The topic of Depth of Field just keeps coming up and I suppose it deserves a revisit for this year. There must be a reason why Depth of Field is so elusive to photographers.
I wonder if it is because modern cameras have computers that focus, balance the colour, and control the exposure. All are impressive functions that make new users believe all they need to get a good photo is to point and shoot.
I have discussed Depth of Field in my blog numerous times. And find myself constantly explaining how depth of field works to photographers that visit my shop. I must admit that many photographers just smile and nod like they understand what I am talking about. However, unfortunately, when I see their photographs I realize otherwise, and I expect most would have been much happier if I just told them the reason their picture wasn’t really sharp was because they needed a new lens. (Buying a new lens is so much easier than taking a class in photography.)
Understanding of the concept (and I guess technique) of depth of field will make their photographs better and save them money, as they did not really need a new lens.
This past week, I viewed an image a photographer posted online. He wrote that he was proud with his creative and unusual view. The overall exposure was fairly good, the colours were close to reality, and the centre of the picture was in focus. Nevertheless, other than that small, in-focus, central area the rest of his subject wasn’t in focus at all. The foreground was blurry and the background was blurry.
The definition of depth of field is, “that area around the main subject, in front of and behind, that is in acceptably sharp focus”. In application the wider the lens’ aperture is the less the depth of field, or that area of sharp focus, around the main subject will be. Practically, the depth of the field of focus will be 1/3rd in front and 2/3rds behind the subject.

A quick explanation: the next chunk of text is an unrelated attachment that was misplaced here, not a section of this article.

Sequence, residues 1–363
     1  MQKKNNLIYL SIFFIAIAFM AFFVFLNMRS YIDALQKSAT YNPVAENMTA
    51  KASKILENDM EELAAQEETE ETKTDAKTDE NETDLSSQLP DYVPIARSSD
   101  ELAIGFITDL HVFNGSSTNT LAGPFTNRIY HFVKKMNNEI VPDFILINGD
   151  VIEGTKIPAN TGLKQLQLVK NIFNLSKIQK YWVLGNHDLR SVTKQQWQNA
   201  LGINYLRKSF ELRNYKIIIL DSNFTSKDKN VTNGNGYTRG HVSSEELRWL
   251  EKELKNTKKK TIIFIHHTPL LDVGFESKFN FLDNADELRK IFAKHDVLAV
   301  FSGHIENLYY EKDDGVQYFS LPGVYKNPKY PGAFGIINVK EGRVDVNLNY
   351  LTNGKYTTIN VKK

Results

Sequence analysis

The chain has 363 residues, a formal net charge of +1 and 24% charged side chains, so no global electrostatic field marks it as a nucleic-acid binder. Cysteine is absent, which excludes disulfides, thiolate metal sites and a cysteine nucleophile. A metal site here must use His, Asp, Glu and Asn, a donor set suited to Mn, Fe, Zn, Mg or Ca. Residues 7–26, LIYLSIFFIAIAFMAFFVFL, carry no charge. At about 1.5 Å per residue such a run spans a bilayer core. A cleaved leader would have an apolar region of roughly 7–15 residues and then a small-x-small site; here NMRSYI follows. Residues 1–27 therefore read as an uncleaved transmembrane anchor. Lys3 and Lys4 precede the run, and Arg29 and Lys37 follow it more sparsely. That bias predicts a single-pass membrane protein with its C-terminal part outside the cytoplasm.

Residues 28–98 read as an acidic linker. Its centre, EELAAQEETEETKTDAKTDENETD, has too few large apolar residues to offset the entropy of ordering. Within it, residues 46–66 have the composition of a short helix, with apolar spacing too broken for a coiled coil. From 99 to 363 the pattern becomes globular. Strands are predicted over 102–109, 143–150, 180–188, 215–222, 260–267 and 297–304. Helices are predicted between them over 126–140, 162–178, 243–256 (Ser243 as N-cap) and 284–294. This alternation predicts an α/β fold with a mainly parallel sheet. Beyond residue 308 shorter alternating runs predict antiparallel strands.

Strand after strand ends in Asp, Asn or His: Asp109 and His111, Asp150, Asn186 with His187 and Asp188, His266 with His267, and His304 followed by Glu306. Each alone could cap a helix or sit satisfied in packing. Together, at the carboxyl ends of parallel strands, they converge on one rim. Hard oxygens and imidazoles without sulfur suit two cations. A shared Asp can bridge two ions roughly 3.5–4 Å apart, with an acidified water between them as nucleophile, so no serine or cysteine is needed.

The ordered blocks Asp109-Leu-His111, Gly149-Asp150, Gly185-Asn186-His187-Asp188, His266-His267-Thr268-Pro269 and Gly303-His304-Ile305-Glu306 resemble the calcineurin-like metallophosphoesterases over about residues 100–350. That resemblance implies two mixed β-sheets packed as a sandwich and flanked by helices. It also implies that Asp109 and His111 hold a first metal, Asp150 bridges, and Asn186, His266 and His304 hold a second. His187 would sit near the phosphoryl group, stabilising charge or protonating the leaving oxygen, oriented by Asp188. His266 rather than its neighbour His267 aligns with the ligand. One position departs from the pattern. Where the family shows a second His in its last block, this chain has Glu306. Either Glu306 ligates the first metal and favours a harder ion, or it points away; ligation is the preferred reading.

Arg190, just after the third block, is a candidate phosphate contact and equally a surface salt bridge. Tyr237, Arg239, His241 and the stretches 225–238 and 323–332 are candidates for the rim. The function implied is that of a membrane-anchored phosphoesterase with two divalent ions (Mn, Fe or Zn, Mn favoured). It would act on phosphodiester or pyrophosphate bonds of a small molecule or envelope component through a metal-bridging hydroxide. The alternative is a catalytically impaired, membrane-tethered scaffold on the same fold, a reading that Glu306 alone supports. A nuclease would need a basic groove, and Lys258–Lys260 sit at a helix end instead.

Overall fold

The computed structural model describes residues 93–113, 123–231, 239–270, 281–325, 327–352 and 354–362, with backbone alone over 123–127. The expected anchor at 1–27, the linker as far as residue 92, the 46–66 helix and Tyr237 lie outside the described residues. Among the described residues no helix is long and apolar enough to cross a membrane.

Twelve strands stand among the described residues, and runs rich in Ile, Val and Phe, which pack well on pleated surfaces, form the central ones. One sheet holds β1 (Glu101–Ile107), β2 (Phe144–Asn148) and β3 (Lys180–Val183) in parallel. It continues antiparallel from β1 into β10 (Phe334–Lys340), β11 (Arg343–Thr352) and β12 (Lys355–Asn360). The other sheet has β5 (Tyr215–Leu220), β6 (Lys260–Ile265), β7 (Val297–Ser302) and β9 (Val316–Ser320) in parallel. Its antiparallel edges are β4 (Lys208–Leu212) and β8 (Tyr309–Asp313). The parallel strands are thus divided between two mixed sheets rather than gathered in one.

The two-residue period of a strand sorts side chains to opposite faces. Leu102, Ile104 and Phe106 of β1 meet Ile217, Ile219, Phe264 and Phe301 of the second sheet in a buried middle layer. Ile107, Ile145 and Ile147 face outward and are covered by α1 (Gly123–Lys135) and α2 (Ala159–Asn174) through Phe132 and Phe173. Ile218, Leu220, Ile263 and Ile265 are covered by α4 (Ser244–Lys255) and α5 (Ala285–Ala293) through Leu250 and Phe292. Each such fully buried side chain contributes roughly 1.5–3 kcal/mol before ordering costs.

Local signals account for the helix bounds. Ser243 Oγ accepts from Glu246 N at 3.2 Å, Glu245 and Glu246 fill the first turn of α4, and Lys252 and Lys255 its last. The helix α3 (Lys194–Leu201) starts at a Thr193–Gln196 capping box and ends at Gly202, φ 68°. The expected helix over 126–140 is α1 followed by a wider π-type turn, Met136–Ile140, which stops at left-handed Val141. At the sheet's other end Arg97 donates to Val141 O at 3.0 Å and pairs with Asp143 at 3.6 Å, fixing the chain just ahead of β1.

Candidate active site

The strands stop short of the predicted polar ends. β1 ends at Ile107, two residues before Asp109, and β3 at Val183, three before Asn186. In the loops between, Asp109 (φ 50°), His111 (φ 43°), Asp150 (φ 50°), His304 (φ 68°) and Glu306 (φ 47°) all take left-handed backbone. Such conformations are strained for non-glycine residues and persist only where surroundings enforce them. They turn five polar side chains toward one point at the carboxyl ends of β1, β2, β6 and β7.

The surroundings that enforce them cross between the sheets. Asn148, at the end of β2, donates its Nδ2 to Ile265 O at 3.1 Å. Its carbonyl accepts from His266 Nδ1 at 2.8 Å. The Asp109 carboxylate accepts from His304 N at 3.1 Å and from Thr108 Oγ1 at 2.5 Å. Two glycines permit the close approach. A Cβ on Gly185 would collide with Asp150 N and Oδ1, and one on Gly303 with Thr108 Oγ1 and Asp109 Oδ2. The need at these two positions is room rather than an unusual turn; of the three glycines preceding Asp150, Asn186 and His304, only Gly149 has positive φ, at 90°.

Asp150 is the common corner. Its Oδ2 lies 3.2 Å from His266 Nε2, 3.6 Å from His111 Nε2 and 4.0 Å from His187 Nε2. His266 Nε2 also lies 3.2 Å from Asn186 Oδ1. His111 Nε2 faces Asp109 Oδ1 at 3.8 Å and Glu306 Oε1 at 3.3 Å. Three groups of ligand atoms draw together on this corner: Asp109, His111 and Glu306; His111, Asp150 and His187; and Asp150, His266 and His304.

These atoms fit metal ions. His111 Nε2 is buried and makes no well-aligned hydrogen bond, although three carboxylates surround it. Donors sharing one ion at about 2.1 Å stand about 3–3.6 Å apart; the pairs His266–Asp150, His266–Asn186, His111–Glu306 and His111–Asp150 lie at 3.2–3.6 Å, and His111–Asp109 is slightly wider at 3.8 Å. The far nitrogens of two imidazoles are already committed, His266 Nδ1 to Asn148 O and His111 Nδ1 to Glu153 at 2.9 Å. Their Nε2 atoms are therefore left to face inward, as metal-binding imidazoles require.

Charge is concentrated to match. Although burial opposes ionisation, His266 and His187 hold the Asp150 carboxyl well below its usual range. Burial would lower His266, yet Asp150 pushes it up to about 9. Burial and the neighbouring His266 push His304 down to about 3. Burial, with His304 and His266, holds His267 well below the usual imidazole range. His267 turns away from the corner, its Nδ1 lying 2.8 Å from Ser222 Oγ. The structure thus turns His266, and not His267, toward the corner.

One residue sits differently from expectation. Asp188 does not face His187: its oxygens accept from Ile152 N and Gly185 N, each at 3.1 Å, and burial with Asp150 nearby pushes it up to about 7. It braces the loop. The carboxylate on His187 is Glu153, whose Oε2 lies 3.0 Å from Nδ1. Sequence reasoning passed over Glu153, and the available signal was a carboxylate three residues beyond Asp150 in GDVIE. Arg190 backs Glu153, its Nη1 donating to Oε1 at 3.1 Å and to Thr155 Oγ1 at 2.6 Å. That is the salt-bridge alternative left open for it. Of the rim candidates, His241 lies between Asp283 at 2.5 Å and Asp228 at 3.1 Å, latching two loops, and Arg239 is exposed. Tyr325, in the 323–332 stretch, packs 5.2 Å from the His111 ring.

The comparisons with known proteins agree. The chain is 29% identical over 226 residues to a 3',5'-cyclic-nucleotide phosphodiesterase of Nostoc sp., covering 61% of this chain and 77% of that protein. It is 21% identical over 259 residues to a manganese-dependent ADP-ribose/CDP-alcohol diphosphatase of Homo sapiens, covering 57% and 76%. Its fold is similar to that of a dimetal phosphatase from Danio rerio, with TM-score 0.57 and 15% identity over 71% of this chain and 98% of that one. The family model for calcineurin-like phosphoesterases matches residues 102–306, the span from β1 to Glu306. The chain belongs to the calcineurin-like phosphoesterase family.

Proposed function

Using a wide aperture can increase the exposure in limited lighting conditions; but, along with the benefit of additional light reaching the camera’s sensor, the resulting effect is reduced depth of field. Creating a field of focus behind the subject of 4 inches or so might look really good when making a portrait, but it is not effective in a scenic.
The smaller the lens aperture the more the area of focus around the subject will be. I prefer using a small aperture for scenic photography. I am concerned with all elements in the photograph, front to back, of being sharp and in “acceptably sharp focus”.
The Internet is packed with information on scenic photography, and there are thousands (millions?) of books on photography that are easy to read. I expect that any discussion on scenic photography will include a full discussion of Depth of Field.